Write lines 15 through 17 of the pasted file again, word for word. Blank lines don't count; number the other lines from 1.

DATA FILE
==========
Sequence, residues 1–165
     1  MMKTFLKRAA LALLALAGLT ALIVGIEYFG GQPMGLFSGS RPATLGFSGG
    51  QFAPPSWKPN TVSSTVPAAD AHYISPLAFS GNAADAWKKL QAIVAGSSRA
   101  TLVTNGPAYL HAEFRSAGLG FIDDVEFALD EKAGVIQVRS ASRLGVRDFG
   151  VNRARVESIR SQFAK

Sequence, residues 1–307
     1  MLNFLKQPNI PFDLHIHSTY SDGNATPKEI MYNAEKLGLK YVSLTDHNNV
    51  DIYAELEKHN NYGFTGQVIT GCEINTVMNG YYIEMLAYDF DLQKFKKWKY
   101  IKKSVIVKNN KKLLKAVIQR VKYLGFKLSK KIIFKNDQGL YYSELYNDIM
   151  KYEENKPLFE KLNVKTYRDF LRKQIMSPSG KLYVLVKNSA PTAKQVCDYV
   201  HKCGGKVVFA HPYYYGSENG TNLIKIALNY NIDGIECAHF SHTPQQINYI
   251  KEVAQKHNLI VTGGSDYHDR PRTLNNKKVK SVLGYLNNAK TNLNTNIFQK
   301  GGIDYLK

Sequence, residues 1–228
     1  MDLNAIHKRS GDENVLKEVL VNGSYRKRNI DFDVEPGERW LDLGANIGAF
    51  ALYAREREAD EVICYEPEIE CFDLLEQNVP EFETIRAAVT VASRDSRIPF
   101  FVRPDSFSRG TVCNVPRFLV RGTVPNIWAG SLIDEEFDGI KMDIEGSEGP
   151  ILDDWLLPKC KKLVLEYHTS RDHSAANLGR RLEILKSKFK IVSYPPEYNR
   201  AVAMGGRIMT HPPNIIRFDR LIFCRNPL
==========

     1  MDLNAIHKRS GDENVLKEVL VNGSYRKRNI DFDVEPGERW LDLGANIGAF
    51  ALYAREREAD EVICYEPEIE CFDLLEQNVP EFETIRAAVT VASRDSRIPF
   101  FVRPDSFSRG TVCNVPRFLV RGTVPNIWAG SLIDEEFDGI KMDIEGSEGP